St. Patrick's Day Fun Facts

St. Patrick’s Day is a cultural and religious holiday celebrated on March 17 by Irish communities around the world. Although shamrocks, leprechauns and Guinness are synonymous with the holiday, there's more to the day. We take a look a look at some of the most popular myths about this day.

Born around A.D. 390, and the main patron saint of Ireland, Patrick was not actually Irish. He is believed to have been born into a wealthy Christian family in Wales or Scotland.

St. Patrick had no interest in Christianity as a young boy. But at the age of 16, he was kidnapped and sent to Ireland by Irish raiders who enslaved him as a shepherd for many years.

The myth that St. Patrick exterminated all the snakes from Ireland is not true, because Ireland never actually had snakes. Scholars suggest the tale is symbolic. Serpents are symbols of evil in Judeo-Christian tradition, and this story may be a nod to St. Patrick's Christianizing influence, cites National Geographic.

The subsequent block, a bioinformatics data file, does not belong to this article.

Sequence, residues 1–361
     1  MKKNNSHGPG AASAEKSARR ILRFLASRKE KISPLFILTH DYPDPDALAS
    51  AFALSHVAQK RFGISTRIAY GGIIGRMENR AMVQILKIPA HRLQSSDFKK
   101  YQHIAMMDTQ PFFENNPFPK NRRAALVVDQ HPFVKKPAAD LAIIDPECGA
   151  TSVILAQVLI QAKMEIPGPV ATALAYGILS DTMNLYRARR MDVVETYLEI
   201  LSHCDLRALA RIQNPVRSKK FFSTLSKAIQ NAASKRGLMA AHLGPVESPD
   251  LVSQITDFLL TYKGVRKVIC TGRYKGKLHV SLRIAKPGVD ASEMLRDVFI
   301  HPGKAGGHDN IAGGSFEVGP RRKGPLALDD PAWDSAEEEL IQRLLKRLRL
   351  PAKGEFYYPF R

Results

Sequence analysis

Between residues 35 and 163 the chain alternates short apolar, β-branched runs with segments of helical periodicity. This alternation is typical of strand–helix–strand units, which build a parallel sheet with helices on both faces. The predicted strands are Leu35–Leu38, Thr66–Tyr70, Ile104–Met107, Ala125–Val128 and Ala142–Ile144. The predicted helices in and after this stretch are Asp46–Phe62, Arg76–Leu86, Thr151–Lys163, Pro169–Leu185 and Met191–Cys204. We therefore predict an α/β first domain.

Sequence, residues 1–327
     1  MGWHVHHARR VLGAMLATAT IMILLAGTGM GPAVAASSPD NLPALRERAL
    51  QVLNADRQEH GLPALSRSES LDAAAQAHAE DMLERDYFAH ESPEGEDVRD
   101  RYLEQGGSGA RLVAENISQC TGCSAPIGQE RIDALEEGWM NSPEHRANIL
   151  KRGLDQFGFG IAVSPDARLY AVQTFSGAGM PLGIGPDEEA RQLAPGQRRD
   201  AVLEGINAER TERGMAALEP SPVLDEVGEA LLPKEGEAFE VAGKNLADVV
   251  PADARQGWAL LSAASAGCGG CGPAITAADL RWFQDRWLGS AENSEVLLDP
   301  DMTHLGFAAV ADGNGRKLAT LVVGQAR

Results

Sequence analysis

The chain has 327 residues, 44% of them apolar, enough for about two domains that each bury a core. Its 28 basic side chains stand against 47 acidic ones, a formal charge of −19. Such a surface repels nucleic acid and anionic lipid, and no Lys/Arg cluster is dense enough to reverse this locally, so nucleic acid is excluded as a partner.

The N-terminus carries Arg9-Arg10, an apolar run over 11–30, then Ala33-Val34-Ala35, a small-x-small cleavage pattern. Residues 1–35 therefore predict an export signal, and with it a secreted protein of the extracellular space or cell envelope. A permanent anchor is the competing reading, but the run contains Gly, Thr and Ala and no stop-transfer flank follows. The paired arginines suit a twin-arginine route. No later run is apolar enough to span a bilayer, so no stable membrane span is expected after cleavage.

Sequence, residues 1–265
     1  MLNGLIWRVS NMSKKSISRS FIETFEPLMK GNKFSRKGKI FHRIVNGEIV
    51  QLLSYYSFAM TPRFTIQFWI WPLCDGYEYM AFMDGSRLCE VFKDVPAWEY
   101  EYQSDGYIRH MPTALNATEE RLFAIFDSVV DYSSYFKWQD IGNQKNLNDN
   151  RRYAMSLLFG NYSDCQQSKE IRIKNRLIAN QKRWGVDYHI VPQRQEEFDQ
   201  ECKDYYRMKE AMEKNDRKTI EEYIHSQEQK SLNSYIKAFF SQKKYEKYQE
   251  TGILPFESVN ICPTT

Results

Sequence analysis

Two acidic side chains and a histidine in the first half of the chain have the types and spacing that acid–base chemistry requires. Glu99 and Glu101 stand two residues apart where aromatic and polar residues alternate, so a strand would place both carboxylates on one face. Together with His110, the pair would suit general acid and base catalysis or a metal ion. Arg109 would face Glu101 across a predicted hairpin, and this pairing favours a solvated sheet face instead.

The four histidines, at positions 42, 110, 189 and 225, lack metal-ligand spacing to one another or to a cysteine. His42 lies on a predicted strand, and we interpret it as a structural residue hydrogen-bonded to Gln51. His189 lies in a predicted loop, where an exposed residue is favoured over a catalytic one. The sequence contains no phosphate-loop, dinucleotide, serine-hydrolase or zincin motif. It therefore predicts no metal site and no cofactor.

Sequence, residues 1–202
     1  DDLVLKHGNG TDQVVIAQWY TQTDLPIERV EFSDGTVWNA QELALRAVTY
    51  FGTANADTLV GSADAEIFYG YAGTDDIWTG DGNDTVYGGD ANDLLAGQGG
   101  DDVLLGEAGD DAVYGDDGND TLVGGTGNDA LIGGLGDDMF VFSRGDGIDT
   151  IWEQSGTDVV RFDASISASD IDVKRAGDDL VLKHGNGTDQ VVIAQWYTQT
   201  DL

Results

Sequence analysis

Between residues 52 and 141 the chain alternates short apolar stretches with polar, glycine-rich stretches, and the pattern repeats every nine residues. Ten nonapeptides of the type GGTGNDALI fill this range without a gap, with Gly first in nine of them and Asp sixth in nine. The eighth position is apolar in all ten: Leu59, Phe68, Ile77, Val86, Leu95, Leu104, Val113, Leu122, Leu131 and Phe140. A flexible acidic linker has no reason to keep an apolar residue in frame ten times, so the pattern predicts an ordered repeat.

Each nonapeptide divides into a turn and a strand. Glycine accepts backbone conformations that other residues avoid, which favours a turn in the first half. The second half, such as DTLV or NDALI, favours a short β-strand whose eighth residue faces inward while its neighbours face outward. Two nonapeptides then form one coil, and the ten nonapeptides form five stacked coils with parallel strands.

Because the color green is associated with St. Patrick’s Day, people wear green clothes, drink green beer and even dye the Chicago River green to celebrate. However, the earliest depictions of St. Patrick from the 18th century show him wearing blue clothing. In fact, the George III created a new order of chivalry for the Kingdom of Ireland, the Order of St. Patrick, its official color was a sky blue, known as "St. Patrick's Blue.," cites Smithsonian.com.

St. Patrick used the three-leafed shamrock to explain the Christian Holy Trinity. The shamrock has been linked with him ever since.

The color green has become associated with Saint Patrick because of Ireland's rich green landscape.

Until the 1700s, St. Patrick’s Day was considered a Roman Catholic feast. It was celebrated only in Ireland, where people would pray at home or in the church. The tradition of parades started in the United States, not Ireland.

The first parade to honor St. Patrick took place in Boston in 1737. Ireland started their own parade tradition in Dublin nearly 200 years later in 1931.

On this day, revelers fill their plates with traditional Irish foods like corned beef and cabbage, battered sausages and baked beans, or colcannon, a side dish made with potatoes, cabbage or kale and often onions. The dish is also known as "bubble and squeak."